‘Missing Mass’ Found


One of the perplexing problems in modern astronomy is the one of trying to determine the composition and location of the “missing galactic mass”. (The missing mass is matter of which can detect gravitational effects, but which we haven’t been able to see. Dark Matter is part of the missing mass, but there are other sorts that can be out there.) Hence the interest in a recent paper published in the journal Science:

“Astronomers studying dwarf galaxies formed from the debris of a collision of larger galaxies found the dwarfs much more massive than expected, and think the additional material is ‘missing mass’ that theorists said should not be present in this kind of dwarf galaxy

…”Dark matter,” which astronomers can detect only by its gravitational effects, comes, they believe, in two basic forms. One form is the familiar kind of matter seen in stars, planets, and humans — called baryonic matter — that does not emit much light or other type of radiation. The other form, called non-baryonic dark matter, comprises nearly a third of the Universe but its nature is unknown.

…What is the dark matter in the dwarfs? The astronomers don’t believe it is the mysterious non-baryonic type, but rather cold Hydrogen molecules that are extremely difficult to detect.

When the astronomers performed computer models of the collision of NGC 5291 to simulate the formation of the system seen today, the models left the resulting recycled dwarfs with almost no dark matter. These computer models had started off with all the dark matter in the galaxy’s larger halo.

“The result of the computer models means that the additional mass we see in the real dwarfs came from the disks, not the haloes, of the larger galaxies that collided,” Bournaud said. That additional mass, the scientists believe, almost certainly is “normal” baryonic matter, probably cold molecular Hydrogen. “

Now the next question, if this observation and explanation is verified, would be to determine how much of the missing mass is normal matter such as this and how much of it is some sort of exotic, non-baryonic matter. No matter what the ratio, there’s going to be a lot of it. Estimates place the amount of missing mass to be between 90 and 99x the total amount of observed matter in the sky.

Read the rest here: ‘Missing Mass’ Found in Recycled Dwarf Galaxies

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  1. Paul Martin says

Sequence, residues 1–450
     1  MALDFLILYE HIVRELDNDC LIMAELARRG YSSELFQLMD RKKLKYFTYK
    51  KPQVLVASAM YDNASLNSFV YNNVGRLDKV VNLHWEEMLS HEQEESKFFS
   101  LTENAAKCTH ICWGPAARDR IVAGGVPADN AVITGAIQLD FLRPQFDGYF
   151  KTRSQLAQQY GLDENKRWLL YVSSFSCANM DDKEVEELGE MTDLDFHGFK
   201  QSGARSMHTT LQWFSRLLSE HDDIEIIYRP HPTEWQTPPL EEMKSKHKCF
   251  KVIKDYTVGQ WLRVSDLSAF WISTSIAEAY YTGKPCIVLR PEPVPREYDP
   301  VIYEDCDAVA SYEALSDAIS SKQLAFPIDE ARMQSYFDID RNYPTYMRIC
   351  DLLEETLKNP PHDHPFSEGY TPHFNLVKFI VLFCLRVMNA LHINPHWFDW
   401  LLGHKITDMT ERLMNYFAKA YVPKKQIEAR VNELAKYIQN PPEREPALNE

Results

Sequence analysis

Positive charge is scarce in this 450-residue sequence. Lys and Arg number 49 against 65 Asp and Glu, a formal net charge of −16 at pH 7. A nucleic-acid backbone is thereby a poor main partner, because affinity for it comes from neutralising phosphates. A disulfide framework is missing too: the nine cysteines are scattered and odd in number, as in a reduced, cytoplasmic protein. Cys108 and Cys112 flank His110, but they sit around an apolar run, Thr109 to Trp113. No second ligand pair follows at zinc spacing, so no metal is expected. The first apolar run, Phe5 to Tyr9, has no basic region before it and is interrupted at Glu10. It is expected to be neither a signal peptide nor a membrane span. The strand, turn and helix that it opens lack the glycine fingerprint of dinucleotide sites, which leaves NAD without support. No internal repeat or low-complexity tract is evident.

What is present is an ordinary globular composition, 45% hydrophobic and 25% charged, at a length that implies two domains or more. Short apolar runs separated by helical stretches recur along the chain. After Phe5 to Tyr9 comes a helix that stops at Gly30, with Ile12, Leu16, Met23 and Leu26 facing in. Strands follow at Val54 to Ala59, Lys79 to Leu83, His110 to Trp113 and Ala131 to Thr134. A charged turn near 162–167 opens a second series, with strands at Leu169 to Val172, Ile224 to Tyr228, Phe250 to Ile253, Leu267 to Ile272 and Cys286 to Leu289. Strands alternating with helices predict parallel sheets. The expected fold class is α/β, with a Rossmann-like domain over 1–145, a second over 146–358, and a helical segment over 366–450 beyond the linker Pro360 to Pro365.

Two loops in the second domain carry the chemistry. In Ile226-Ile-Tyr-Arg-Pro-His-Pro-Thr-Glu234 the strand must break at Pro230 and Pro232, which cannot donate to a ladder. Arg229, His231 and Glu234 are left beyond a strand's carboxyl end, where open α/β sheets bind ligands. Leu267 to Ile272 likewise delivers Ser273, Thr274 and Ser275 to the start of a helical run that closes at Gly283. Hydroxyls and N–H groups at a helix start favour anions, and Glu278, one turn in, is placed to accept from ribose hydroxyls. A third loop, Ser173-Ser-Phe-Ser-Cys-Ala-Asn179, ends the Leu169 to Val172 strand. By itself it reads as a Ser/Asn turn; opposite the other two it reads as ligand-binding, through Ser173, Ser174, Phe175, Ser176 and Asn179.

When I read the headline, I was certain that someone had stumbled upon a lost Bach manuscript. I guess you can tell where my head’s at tonight.

  2. ruidh says

    Remembering that some string theorists think that gravity is so weak because the force leaks out through dimensions in addition to our familiar 3 space-like ones, it could very well be that the “dark” or “missing” matter is ordinary matter which is a short distance away through the additional dimensions, but far away if confined to the usual three.

  3. I’m with Paul. Actually when it said “missing *galactic* mass” I thought we’d recovered another section to Eucharistic Prayer C…

  4. Nicholas:
    Does this mean that all the energy spent hunting for weakly interacting massive particles has been for naught–it appears so since hydrogen explains the missing mass. I am sceptical–this looks like too simple a solution.

  5. Chuck, no, not really.
    Dark Matter (or missing mass) is a broad term denoting a number of different actual things. Some of the dark matter consists of things like the brown dwarfs described in the study above. Other, probably more significant amounts are the exotic non-bayronic stuff. Other constituent parts are probably bizarre things we haven’t even begun to imagine.
    If we get a handle on how much of dark matter is made up of brown dwarfs and failed stars, then we can start to get a handle on how much weird stuff we should be looking for.
    (We have some sense of how much dark matter is non-baryonic becuase of the abundance calculations of various particles and elements in the early universe.)

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